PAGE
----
It's truly insane the degree to which the 'Mission: Impossible' franchise has transformed from a relatively watchable series of action films to maybe the best film franchise we have. After J.J. Abrams essentially rebooted the series in 2006 with 'Mission: Impossible 3', the series has gone from strength to strength, culminating in the jaw-dropping spectacle of the sixth entry, 'Mission: Impossible - Fallout' in 2018. Much of this is thanks to the involvement of director and Oscar-winning writer Christopher McQuarrie. After consulting on Brad Bird's sublime 2011 entry 'Ghost Protocol', McQuarrie took over stewardship of the franchise with his bombastic 'Rogue Nation' in 2015. These films are part of the ongoing creative partnership he has established with franchise star and producer Tom Cruise, and together they have taken the scale, stakes and skill of these films to greater heights than arguably any other contemporary action films. Because of this, anticipation for the next instalment, 'Dead Reckoning', has been greater than ever before, and with the release of the first half of this two-part epic, it's clear this iconic franchise has no intentions of slowing down.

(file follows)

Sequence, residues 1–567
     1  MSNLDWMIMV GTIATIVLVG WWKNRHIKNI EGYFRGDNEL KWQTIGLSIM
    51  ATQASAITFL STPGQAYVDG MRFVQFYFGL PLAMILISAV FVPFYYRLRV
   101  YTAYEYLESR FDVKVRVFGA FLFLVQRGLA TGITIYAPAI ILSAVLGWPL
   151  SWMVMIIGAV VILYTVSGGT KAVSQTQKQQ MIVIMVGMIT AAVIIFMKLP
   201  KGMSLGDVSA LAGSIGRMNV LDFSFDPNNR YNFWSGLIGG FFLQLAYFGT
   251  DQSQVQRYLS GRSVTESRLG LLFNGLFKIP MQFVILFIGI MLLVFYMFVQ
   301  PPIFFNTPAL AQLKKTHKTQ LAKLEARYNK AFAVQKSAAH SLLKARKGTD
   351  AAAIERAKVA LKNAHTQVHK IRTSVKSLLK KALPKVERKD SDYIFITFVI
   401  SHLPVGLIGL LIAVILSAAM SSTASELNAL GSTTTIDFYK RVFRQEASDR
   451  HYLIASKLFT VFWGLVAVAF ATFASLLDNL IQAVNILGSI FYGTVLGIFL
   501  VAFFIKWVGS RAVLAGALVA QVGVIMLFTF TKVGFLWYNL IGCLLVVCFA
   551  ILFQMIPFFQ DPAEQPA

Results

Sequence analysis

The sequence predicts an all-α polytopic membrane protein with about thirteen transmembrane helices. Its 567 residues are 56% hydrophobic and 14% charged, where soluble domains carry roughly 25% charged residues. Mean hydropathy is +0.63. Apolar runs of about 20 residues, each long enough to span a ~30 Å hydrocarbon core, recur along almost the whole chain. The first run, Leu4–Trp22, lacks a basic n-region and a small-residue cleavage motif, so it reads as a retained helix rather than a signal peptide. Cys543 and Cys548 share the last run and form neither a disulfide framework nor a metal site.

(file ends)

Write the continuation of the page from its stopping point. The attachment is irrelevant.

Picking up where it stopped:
A mysterious new artificial intelligence known as The Entity has caught the attention of the world's superpowers. Anyone who can take control of The Entity will have the power to control the greatest digital asset the world has ever seen, and everyone is racing to find the one thing that can guarantee them control - the two interlocking parts of a key. Almost no one knows what it unlocks, and the whereabouts of each piece are constantly in motion. The U.S. government believes that Ilsa Faust (Rebecca Ferguson, 'Doctor Sleep') is in possession of one half, and send Ethan Hunt (Cruise, 'Top Gun: Maverick') to find her and take possession of it. What Ethan quickly realises though is that this operation is part of a wider conspiracy, one that will put both Ilsa and his team in serious danger. Once again, Ethan is forced to go rogue - but this time, every major superpower and numerous figures from the criminal underworld are in pursuit of him, Ilsa, his team and a mysterious thief named Grace (Hayley Attwell, 'Captain America: The First Avenger') who has unknowingly found herself the linchpin in the race to get the key and control The Entity.